Howards’ Way – Series One, Episode Eight

howards' 08

This one opens with Charles steering his yacht en route to a business meeting with Ken.  Size, of course, isn’t everything, but it’s fair to say that Charles’ craft dwarfs most of the others in the marina.   His yacht serves several purposes – not only does it tell us that he’s a man of substance but it’s also a handy device to impress others.

And Ken is very impressed.  Dressed in a gleaming all-white outfit, he’s obviously a little overawed.  A breakfast meeting with champagne?  It’s a small taste of the high life that he’s incredibly anxious to sample more regularly (and no doubt Charles would have been well aware of this, so the location would have been no accident).  Charles suggests a joint venture – Ken builds the new marina, Charles runs it.  Ken asks for time to consider, but still seems confident that if he refuses then Charles will be stuck – since Ken owns a prime piece of property bang in the middle of the proposed location.

Charles isn’t bothered though, in true Thatcherite spirit he declares that “we live in a commercial world, Ken. Everything’s for sale.”

Time has clearly passed off-screen, as Jan and Ken are practically ready to open the boutique, whilst Tom’s prototype boat has passed its tests with flying colours.  We saw a brief moment of testing in the previous episode, but Tom’s boat has still sailed off the drawing board with unseemly haste.

As for Jan, she’s suddenly turned into a hard-headed businesswoman, easily able to gain very favourable terms from tailor Bernie Rosen (Harry Landis).  Bernie’s Jewish of course (this scores a full ten on the cliché ratometer).

Tom’s delighted to hear that his prototype is developing well and, in a moment of sheer joy, embraces Avril in the office.  Alas, Leo walks in at precisely that moment and if looks could kill no doubt both his father and Avril would have disintegrated on the spot.  I’m not sure whether Leo’s more annoyed that his father’s in the arms of anther woman of if he’s simply miffed not to be the one enjoying the embrace!  Edward Highmore continues to essay a performance which is low on subtlety, but perhaps that suits Leo’s character.  Whereas most of the other characters are capable of hiding their true feelings from time to time, Leo is very much a WYSIWYG type.

Leo tracks Abby down in Southampton, which is the cue for another burst of Abby’s theme (the plaintive guitar melody which, along with the theme, must be the most familiar part of the incidentals) and a somewhat surprising revelation – she’s pregnant.  Charles formally meets Jan for the first time, Lynne is offered a place in an all-women crew in the FastNet, whilst the other main point of interest concerns the continuing travails at the yard.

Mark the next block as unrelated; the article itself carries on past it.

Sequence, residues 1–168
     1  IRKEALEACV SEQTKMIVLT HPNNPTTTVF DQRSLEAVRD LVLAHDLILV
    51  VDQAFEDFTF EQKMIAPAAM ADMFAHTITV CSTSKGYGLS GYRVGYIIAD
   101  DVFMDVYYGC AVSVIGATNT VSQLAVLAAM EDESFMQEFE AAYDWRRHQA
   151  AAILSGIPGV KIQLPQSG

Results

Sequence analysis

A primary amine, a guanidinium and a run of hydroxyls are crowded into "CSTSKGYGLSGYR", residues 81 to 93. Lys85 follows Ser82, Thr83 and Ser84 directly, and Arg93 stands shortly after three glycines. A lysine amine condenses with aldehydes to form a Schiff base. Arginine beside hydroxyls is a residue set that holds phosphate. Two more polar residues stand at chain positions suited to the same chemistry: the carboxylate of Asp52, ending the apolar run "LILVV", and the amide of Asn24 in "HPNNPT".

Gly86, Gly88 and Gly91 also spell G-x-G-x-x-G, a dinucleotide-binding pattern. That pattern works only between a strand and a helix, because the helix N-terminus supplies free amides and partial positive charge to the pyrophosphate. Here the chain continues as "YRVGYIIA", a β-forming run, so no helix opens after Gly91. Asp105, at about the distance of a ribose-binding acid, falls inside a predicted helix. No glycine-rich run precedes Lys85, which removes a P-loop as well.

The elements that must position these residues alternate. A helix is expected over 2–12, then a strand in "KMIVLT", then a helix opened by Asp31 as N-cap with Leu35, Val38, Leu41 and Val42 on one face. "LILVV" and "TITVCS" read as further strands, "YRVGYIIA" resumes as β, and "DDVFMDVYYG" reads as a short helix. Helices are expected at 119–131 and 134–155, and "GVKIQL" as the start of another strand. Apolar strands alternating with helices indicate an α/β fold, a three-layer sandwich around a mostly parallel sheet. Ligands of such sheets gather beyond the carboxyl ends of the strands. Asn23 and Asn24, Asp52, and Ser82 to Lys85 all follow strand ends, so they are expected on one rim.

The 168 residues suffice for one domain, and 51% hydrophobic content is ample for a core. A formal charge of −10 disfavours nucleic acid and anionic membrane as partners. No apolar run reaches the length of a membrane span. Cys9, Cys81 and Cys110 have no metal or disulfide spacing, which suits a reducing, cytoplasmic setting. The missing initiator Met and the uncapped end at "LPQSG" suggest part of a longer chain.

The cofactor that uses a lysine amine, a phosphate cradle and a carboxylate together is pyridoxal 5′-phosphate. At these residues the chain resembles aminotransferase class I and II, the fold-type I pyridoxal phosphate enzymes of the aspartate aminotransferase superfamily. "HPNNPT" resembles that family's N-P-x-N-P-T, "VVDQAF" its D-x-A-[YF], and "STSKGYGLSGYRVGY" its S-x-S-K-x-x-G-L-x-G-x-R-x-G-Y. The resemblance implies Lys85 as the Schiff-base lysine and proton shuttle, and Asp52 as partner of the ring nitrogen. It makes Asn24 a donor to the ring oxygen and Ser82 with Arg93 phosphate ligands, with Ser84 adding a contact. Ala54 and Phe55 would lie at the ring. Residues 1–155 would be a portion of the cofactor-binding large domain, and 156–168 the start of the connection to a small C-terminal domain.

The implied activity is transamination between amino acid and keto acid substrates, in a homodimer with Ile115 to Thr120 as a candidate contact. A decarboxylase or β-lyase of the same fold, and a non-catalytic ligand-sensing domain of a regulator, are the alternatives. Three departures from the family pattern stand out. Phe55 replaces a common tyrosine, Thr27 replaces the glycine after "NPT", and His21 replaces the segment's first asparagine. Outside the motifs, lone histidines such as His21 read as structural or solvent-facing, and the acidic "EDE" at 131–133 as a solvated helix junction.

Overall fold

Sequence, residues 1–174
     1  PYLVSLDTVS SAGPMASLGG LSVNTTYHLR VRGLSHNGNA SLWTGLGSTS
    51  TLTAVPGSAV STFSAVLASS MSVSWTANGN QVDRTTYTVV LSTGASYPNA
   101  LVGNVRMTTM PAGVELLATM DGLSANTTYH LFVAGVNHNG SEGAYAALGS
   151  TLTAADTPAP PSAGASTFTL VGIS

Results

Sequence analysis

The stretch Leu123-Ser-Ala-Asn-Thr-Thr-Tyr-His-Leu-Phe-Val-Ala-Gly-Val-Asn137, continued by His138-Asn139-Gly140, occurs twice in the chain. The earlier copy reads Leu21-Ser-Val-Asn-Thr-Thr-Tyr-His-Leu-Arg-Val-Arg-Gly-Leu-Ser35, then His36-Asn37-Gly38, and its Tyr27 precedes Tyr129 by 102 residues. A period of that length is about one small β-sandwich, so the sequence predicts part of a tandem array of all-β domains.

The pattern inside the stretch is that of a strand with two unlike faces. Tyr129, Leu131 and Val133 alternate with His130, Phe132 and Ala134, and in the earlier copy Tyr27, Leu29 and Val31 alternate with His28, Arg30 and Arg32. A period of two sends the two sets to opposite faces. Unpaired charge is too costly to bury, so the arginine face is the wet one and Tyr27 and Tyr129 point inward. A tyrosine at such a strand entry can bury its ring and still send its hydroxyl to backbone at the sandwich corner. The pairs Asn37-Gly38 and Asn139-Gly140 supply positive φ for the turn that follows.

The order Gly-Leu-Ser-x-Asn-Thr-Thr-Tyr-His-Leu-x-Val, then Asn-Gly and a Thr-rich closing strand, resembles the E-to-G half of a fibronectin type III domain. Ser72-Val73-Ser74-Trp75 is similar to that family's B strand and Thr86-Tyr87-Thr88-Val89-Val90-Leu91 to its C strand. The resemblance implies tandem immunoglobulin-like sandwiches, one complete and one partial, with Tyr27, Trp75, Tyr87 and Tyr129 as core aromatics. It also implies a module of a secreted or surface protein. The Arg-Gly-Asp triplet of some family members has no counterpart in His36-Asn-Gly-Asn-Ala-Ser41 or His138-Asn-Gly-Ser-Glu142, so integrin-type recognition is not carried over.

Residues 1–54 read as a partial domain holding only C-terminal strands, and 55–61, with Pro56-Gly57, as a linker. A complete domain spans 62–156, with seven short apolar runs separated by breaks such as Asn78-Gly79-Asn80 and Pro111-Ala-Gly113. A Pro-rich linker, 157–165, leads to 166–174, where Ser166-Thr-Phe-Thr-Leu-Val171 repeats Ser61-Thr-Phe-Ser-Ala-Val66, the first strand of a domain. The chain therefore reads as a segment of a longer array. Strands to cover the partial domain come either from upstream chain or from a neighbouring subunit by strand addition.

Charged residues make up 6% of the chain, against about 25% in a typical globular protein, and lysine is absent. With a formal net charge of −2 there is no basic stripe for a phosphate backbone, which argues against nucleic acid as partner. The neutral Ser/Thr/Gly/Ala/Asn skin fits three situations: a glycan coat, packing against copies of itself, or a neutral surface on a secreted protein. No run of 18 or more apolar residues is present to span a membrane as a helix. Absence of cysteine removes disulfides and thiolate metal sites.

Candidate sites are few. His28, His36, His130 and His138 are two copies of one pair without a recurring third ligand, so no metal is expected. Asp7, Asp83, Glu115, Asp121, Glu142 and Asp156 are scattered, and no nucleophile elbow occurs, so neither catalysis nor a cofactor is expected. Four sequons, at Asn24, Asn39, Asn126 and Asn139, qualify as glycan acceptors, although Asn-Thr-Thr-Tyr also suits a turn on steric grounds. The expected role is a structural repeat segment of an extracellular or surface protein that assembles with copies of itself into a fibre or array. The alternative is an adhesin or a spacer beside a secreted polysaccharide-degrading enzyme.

With the loss of the German contract, the bank are ready to foreclose but Tom is able to persuade them that his prototype will turn their fortunes around (but he needs Jan to agree to use their house as collateral).  Jack is still insistent that plastic toy boats have no place in his yard, but is shocked and stunned to realise that he no longer owns fifty percent of the company (and therefore is unable exercise a casting vote).  Tom has 25%, Avril had 25% but then bought an additional 5%, so she and Tom are able to outvote Jack.  The look on Glyn Owen’s face is priceless.  Presumably Jack must have been pretty drink-addled in recent months not to realise that Avril’s increased her shareholding.

Jack later articulates his feelings to Kate.  “I’ve fought for that yard, Kate. Lost sleep, sweated blood for it. And what’s it all been in aid of? Nothing. Everything I’ve specialised in over the years is gone.”  In her own way, Kate is as much of a traditionalist as Jack is – but she can see that everything has to change, nothing can stay the same forever.

Later Charles plays Avril another visit.  She’s still not interest in his proposals, this time he tells her he’s interested in buying the yard.  Whilst he claims he’s prepared to do it in order to help her father, she’s far from convinced.  “The only person you’re willing to help is yourself”.  This helps to ramp up the tension surrounding the Mermaid (plus Charles’ recent arrival also continues to shake things up nicely).

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One thought on “Howards’ Way – Series One, Episode Eight

  1. Re: Edward Highmore’s performance: poor chap, he was a young and relatively inexperienced actor at the time and Leo was by far the most demanding part he had played by then, so he would undoubtedly have benefited from more sympathetic and skilful directing. Some actors need to have performances coaxed out of them but he appears to have had no help whatsoever from the directors of various episodes and no one reminded him to move his lovely thick eyebrows a bit more often. Still, he was quite good in some scenes.

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